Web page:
Tuesday, September 12, 2006

Fight Gravity's Drag

Murphy's Law of the Inconvenient Migration of Stuff means that dense items (especially waterbottles, hydration systems, large cameras, and fuel) tend to gravitate to the bottom of your pack, especially when the pack is not full and tightly packed. Those are precisely the items that often need to be handy and whose weight should be up high and close to your back between your shoulder blades for easy carrying.

Pin a stuffbag inside the pack to stop dense items from gravitating downward

Here's a simple solution:
  • Suspend a stuffbag to form a pocket inside the pack at an appropriate height. Attach it with safety pins to the strong internal seam that encircles the top of most packs. That way the pins do not pass through to the outside skin of the pack, and it's usually easy to push the pins through just the binding tape on the seam.
  • If you use a waterproof stuff sack, such as Outdoor Research Hydroseal bags (various sizes and prices,, you have extra protection against a leaking bottle or hydration system wetting the pack contents. Just don't put the camera in with the water bottle!

Sunday, September 03, 2006

Camp Kitchen

Keep it simple to get as much versatility as possible from the items you pack.
Cooking over an open fire should only be done in designated areas. Camp stoves are more practical and easy to use, cook food faster and have less impact on the environment.
A two-burner stove offers families the most efficient use of cooking time. You can choose from a variety of stoves that burn different kinds of fuel (white gasoline, propane, butane or kerosene). Base your choice on the availability of fuel in areas where you intend to camp.
When available, block ice will generally last longer in your cooler than cube ice. But count on any ice to leak water into the bottom of your cooler – always store perishable foods in watertight bags or containers.
Always have plenty of water. For clean-up after meals and general use you will find extra water containers nearly indispensable. For consumption, three quarts per person per day is a good rule of thumb. Purify water from natural sources.
Resist the impulse to feed the animals. Early instruction in the wisdom of low-impact camping will reward future generations with sightings of wildlife in a healthy environment.

Monday, August 28, 2006

Sleeping bag basics

You know the basics – a sleeping bag is made for you to sleep in. But there’s actually a lot more to it than that. It’s all about insulation and keeping you warm on those chilly nights. In order to keep you warm, sleeping bags trap and hold your body heat that is constantly produced. This forms an insulated dead air space. How does that happen? Well, the dead air space is a result of the type of insulating fibers used in the bag and the amount of loft they provide. Loft is the amount of air space between the insulating fibers. Think of loft as the fluffiness of the insulation. So the greater the loft, the warmer the bag will be.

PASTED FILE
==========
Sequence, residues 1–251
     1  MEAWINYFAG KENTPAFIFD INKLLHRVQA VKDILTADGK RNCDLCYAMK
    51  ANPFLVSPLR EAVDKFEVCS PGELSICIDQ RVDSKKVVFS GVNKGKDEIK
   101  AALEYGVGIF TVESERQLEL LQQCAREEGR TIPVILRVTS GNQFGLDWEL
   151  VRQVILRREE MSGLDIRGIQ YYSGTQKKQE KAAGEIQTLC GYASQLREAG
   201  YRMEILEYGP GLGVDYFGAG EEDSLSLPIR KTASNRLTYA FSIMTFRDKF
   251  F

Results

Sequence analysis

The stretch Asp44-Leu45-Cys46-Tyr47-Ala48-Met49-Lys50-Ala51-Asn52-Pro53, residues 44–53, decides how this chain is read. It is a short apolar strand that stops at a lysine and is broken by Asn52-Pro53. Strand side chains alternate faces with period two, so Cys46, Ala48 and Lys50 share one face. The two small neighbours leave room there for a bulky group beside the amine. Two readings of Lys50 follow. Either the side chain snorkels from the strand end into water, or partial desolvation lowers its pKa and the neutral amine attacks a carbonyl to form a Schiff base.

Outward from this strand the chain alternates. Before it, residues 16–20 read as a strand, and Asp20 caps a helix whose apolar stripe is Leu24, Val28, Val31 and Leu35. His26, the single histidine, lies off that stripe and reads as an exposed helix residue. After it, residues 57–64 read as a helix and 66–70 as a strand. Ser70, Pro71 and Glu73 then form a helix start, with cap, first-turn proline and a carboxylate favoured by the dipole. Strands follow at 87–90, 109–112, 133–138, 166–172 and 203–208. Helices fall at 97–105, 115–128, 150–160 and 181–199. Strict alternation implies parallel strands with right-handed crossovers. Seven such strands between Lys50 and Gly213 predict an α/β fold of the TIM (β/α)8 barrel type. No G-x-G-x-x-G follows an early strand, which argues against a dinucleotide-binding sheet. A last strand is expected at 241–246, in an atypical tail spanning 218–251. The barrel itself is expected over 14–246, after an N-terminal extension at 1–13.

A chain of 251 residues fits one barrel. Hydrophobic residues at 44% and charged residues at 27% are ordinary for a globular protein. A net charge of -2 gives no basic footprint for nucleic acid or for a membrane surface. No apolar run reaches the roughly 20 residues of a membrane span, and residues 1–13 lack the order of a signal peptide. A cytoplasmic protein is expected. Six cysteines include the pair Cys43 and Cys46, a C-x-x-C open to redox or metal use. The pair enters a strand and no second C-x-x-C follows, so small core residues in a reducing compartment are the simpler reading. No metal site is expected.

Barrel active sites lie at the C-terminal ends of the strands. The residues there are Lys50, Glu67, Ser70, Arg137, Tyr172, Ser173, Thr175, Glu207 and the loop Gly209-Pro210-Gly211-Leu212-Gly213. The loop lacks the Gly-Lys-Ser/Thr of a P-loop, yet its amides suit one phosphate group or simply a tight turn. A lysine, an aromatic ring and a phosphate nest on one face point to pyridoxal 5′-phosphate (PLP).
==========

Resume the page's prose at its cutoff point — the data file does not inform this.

In order for your sleeping bag to work most effectively, the dead air space needs to be warmed by the radiated heat from your body. But this can’t happen if you’re bundled up in extra layers of clothes. When you’re camping in really cold weather, it’s only natural to want to pile on the extra layers when you go to sleep because you think they’ll help you stay warm. Wrong. This actually keeps the sleeping bag from providing warmth. How so? Your extra clothing traps warmed air around your body like the sleeping bag is supposed to do, but the clothing is much less effective. And since the warmed air isn’t being trapped by the sleeping bag, cold air can seep in, making you feel even colder. So though it doesn’t sound right, the less you wear while using a sleeping bag, the more effective the bag will be at keeping you warm.

Monday, August 21, 2006

Framing Materials Of Your Mountain Bike

The cost of a mountain bike frame is proportionate to its material, as well as the treatment that material has received. Currently, there are five types of material used in mountain bikes - high tensile steel, chromoly steel, aluminum, titanium, and carbon fiber. Oversized diameters, heat treating, and butting are tubing material treatments that will increase the cost of a frame as well.

High tensile steel This is a very durable alloy that's found in lower priced mountain bikes. It offers a high carbon content which makes it less stiff than chromoly steel, so more materials are needed to make it stiff enough for bicycle frames, which will in turn make it that much heavier.
Relatively inexpensive to produce, you'll find this material in trail bikes, city bikes, and even entry level mountain bikes. There are some bikes that come with a chromoly seat tube, while the rest is high tensile steel.

Chromoly steel Short for steel alloy, chromoly is best described by its major additives - chromium and molybdenum. This is probably the most refined framing material, giving over 100 years of dependable service.